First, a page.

It’s been a while since I’ve owned a Merckx… and the timing couldn’t be better. Here are a few teasers from my Eroica California ride.
… the cannibal! Brought to you by Secret Awesome.
Photos by Andy White
Don’t ride up grades, buy upgrades.
Leave it to FYXO to deliver a clean and crispy Merckx Mondays. This Eddy Merxkx pista, is built with a panto’d Cinelli XA stem, Record components and even filtered air in the tubes! See more at FYXO.
A few people have asked what bike I was pedaling around on the Eroica California course. While it doesn’t meet the pre-1987 guidelines, it’s vintage enough for my tastes. The MX-Leaders have always had a soft spot in my heart. Arguably the most significant bikes to ever leave the Merckx factory, these were race-ready, pedigree machines. Made with Merckx’s proprietary lugs and Columbus MXL tubesets, they were some of the stiffest steel frames at the time.
Perfect for the US team Motorola, or in this case, team Telekom. This frame in particular was Brian Holm’s and while a majority of the MX-Ls were raced with Dura Ace 7400, the bike’s owner, Mark Riedy, decided to go a bit more practical – and classy IMO – with a 10-speed Campagnolo gruppo. He then topped the cockpit off with an ITM stem.
There’s something about the Telekom paint jobs that always did it for me. Flashy, yet classy and an undeniable style. I’d love to add one of these to my collection some day.
So, a reader sent this over, with the subject line “I think this is ok to share” and all that was in the body was this photo. A quick glance at the Eddy Merckx Facebook reveals it’s a tig-welded steel bike, commemorating Eddy’s 70th birthday, which would make sense, but details like pricepoint, country of origin, tubing, etc, etc, etc, seem to be missing.
Personally, I’d rather see a lugged Columbus frame with a steel fork. As far as pricepoint, I’m gonna guess this bike is upwards of $10k, complete… Does anyone have any more information on this?
Turns out, Peloton has the full scoop. Head over there to see more information. It’s stainless steel, hence the tig welding and made in Belgium. Oh and it’s $17k!
This one’s too good to not repost. Thanks for the heads up Tracko!
“A print series celebrating cycling’s legends in op art portraits. Each print colour is inspired by the team jersey in which they achieved their greatest successes and includes their detailed palmarès.”
See more at Victory Chimp.
What are these people thinking, posting a video of Eddy Merckx on a Wednesday of last week?
“First across the finish line 525 times, Eddy Merckx is the most successful cycle racer of all time. Jacky Ickx’s career is one of the richest and longest in the history of motorsport. His list of achievements is unrivalled in its variety. In 2015, Eddy Merckx and Jacky Ickx both celebrate their 70th birthday, as well as their long friendship. So it’s high time for the first major exhibition about this pair of Belgian sporting legends.”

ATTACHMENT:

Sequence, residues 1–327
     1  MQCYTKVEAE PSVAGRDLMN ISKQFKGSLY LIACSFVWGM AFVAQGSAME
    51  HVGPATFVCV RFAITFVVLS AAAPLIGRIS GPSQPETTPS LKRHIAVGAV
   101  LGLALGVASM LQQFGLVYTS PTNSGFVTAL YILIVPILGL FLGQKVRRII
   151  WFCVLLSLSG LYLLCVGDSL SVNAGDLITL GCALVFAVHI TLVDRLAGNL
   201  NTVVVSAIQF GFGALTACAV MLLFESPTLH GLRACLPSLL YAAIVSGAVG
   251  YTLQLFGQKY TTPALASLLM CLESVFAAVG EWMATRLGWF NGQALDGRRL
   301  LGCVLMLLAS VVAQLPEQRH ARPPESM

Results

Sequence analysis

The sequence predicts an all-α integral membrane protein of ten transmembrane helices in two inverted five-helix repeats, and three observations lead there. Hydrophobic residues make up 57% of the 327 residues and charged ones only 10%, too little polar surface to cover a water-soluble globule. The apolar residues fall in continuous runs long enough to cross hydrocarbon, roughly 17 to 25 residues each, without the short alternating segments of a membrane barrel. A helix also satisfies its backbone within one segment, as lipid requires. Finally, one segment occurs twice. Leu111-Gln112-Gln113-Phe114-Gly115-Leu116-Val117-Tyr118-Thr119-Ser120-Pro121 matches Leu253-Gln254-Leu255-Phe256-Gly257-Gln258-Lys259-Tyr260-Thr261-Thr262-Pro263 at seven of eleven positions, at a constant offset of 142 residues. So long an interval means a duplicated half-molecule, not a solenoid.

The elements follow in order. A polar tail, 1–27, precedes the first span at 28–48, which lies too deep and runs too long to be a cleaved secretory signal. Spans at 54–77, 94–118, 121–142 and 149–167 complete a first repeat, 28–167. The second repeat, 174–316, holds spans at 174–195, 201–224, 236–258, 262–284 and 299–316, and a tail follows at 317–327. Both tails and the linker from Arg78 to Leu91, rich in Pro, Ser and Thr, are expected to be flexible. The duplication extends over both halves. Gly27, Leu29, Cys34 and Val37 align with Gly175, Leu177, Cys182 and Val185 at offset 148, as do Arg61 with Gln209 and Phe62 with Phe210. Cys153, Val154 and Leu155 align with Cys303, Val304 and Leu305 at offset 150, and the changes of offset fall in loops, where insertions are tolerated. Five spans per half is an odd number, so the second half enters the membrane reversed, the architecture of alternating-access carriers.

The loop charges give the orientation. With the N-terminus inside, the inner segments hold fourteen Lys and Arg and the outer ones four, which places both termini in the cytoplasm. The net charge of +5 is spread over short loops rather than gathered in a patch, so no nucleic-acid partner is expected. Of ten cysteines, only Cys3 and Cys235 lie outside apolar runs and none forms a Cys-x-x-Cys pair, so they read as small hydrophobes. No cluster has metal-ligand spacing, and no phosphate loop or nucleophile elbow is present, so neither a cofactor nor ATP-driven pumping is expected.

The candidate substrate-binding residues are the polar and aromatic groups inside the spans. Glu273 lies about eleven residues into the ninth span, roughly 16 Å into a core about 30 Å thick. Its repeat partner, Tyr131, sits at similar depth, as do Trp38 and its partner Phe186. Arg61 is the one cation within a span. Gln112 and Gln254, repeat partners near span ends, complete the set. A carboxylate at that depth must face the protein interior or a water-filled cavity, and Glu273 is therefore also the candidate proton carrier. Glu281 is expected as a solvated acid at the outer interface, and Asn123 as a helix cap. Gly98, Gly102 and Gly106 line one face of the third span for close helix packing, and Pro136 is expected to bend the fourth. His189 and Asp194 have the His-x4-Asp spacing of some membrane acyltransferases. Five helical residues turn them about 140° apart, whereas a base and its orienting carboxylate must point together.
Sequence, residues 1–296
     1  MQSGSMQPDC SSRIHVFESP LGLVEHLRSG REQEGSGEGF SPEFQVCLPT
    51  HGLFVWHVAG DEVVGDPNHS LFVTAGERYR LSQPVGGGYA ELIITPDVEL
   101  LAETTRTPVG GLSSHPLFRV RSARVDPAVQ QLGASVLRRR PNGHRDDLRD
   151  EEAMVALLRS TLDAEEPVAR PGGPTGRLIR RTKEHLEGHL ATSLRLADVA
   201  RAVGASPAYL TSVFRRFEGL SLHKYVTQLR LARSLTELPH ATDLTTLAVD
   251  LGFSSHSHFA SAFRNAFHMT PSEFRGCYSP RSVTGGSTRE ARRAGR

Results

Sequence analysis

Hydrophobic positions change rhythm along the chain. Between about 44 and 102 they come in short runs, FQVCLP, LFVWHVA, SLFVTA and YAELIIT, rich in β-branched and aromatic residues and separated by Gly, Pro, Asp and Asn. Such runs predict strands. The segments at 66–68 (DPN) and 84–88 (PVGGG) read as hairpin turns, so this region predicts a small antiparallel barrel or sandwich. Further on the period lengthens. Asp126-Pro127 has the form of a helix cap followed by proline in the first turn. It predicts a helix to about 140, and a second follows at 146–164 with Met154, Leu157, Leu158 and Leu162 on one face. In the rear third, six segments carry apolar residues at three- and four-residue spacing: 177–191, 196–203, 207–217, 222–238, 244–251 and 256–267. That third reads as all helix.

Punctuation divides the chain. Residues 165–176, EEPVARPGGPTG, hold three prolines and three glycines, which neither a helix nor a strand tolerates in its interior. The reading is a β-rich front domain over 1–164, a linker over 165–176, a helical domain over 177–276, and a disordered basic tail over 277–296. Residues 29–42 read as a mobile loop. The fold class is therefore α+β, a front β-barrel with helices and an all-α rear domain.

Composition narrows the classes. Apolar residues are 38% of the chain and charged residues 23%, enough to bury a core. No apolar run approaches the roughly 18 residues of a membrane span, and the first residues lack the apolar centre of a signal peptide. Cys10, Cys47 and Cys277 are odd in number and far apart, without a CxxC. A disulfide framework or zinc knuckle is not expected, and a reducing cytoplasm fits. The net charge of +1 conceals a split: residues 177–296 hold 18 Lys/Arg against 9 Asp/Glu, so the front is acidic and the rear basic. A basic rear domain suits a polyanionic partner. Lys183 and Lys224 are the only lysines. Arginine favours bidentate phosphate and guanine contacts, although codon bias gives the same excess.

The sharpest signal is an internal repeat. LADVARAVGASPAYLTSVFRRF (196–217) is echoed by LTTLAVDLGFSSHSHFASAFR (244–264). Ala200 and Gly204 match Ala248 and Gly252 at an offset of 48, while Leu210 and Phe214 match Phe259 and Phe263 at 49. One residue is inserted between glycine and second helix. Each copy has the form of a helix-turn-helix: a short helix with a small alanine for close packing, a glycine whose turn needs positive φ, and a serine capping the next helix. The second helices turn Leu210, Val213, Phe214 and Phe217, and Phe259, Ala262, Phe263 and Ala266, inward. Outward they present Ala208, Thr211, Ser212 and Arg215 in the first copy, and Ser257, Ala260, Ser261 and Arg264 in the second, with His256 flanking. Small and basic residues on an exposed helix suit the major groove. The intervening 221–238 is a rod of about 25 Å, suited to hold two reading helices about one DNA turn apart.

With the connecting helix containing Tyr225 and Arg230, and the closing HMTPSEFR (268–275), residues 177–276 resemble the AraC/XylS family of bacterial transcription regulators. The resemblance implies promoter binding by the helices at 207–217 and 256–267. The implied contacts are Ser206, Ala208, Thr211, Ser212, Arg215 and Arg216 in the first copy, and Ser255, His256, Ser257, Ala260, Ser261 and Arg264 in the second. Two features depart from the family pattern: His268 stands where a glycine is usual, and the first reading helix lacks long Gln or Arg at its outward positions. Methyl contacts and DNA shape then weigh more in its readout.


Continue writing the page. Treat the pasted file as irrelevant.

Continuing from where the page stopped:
Photos by Antton Miettinen
Jon Azkoitia has been a reader of the Radavist since the early blogspot days of PiNP and one of his favorite features is Merckx Mondays. When he began riding track bikes, it was due to his father’s love of track racing and Jon didn’t have just any introduction, he was given a Molteni-team Colnago track. For those who weren’t aware, the first few Molteni Eddy Merckx frames were made by De Rosa and Colnago before Eddy began making his own in Meise, a small town outside of Brussels.
Prior to Jon’s father, this bike was owned by Milano-SanRemo winner Michele Dancelli, who raced it for a number of years in the Molteni livery. The bike was then raced by Jon’s father for nearly 40 years! Needless to say, once Jon was handed down the frame, he felt it was time for a restoration, so Jon looked to the original heritage of the frame and did an amazing job.
See more photos below and follow Jon on his Flickr!
Yeah, this was probably better for last week’s Merckx Mondays, due to Halloween and all, but I missed Simon’s email. Seriously though, I’m stoked he used Merckx Mondays to inspire a series of illustrations at his site, aptly named Merckx Mondays.
From time to time, enthusiasts, hobbyists and collectors get an itch. An itch to make a vintage “replica” bike, modeled after any number of liveries or teams. For Andy White of FYXO, he really, really wanted a replica Molteni.
A frame came up in Eddy’s exact measurements, 58cm TT, 60cm ST, but it was from the wrong era, so he filed off the front derailleur hanger and painted the seat stay caps to resemble Eddy’s team bike. From there, fresh paint and decals were applied by Sun Graphics. He’s even got a flat crown fork, instead of the sloping crown.
Then, well, life happened. He had a kid and has to let her go. The frame, not his daughter.